The Event Horizon Telescope project is an international collaboration launched in 2009  after a long period of theoretical and technical developments. On the theory side, work on the photon orbit  and first simulations of what a black hole would look like  progressed to predictions of VLBI imaging for the Galactic Center black hole, Sgr A*. Technical advances in radio observing moved from the first detection of Sgr A*, through VLBI at progressively shorter wavelengths, ultimately leading to detection of horizon scale structure in both Sgr A* and M87. The collaboration now comprises over 200 members, 60 institutions, working over 20 countries and regions.
The first image of a black hole, at the center of galaxy Messier 87, was published by the EHT Collaboration on April 10, 2019, in a series of six scientific publications. The array made this observation at a wavelength of 1.3 mm and with a theoretical diffraction-limited resolution of 25 microarcseconds. Future plans involve improving the array's resolution by adding new telescopes and by taking shorter-wavelength observations.
The EHT is composed of many radio observatories or radio telescope facilities around the world, working together to produce a high-sensitivity, high-angular-resolution telescope. Through the technique of very-long-baseline interferometry (VLBI), many independent radio antennas separated by hundreds or thousands of kilometres can act as a phased array, a virtual telescope which can be pointed electronically, with an effective aperture which is the diameter of the entire planet. The effort includes development and deployment of submillimeter dual polarization receivers, highly stable frequency standards to enable very-long-baseline interferometry at 230–450 GHz, higher-bandwidth VLBI backends and recorders, as well as commissioning of new submillimeter VLBI sites.
Each year since its first data capture in 2006, the EHT array has moved to add more observatories to its global network of radio telescopes. The first image of the Milky Way's supermassive black hole, Sagittarius A*, was expected to be produced in April 2017, but because the South Pole Telescope is closed during winter (April to October), the data shipment delayed the processing to December 2017 when the shipment arrived.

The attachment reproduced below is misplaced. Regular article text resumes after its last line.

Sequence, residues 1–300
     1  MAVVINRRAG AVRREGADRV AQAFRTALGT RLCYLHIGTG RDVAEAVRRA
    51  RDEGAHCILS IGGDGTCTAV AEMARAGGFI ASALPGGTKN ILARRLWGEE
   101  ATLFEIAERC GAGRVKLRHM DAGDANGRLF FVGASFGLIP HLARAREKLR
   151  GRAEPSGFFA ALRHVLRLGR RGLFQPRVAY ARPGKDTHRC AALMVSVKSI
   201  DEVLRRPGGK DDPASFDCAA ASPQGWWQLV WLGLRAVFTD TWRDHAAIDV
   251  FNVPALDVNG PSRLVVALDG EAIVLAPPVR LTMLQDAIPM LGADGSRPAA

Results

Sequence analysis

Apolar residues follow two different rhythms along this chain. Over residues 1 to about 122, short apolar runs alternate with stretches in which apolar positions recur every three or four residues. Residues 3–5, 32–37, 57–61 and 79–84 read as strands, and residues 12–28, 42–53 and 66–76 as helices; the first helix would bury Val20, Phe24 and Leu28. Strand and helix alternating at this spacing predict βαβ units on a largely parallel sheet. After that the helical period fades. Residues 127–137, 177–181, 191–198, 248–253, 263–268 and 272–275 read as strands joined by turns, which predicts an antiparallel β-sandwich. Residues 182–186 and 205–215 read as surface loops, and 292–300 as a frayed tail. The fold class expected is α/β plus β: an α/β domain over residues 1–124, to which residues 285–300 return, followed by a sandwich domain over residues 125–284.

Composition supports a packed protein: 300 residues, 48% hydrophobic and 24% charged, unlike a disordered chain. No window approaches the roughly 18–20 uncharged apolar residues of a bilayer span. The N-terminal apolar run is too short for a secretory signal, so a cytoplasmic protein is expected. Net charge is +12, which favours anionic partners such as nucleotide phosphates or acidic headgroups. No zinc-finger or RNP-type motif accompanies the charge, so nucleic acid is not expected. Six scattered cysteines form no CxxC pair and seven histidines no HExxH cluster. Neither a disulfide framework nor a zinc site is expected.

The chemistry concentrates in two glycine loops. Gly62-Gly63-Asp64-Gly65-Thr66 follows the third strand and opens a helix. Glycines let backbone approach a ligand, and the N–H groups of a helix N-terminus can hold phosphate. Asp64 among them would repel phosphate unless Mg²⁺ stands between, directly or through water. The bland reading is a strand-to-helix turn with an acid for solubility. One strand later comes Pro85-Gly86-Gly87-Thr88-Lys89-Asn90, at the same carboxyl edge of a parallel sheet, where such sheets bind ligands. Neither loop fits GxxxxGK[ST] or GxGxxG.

The image provided a test for Albert Einstein's general theory of relativity under extreme conditions. Studies have previously tested general relativity by looking at the motions of stars and gas clouds near the edge of a black hole. However, an image of a black hole brings observations even closer to the event horizon. Relativity predicts a dark shadow-like region, caused by gravitational bending and capture of light, which matches the observed image. The published paper states: "Overall, the observed image is consistent with expectations for the shadow of a spinning Kerr black hole as predicted by general relativity." Paul T.P. Ho, EHT Board member, said: "Once we were sure we had imaged the shadow, we could compare our observations to extensive computer models that include the physics of warped space, superheated matter, and strong magnetic fields. Many of the features of the observed image match our theoretical understanding surprisingly well."
The image also provided new measurements for the mass and diameter of M87*. EHT measured the black hole's mass to be 6.5±0.7 billion solar masses and measured the diameter of its event horizon to be approximately 40 billion kilometres (270 AU; 0.0013 pc; 0.0042 ly), roughly 2.5 times smaller than the shadow that it casts, seen at the center of the image. From the asymmetry in the ring, EHT inferred that the matter on the brighter south side of the disk is moving towards Earth, the observer. This is based on the theory that approaching matter appears brighter because of relativistic beaming. Previous observations of the black hole's jet showed that the black hole's spin axis is inclined at an angle of 17° relative to the observer's line of sight. From these two observations, EHT concluded the black hole spins clockwise, as seen from Earth.
A schematic diagram of the VLBI mechanism of EHT. Each antenna, spread out over vast distances, has an extremely precise atomic clock. Analogue signals collected by the antenna are converted to digital signals and stored on hard drives together with the time signals provided by the atomic clock. The hard drives are then shipped to a central location to be synchronized. An astronomical observation image is obtained by processing the data gathered from multiple locations.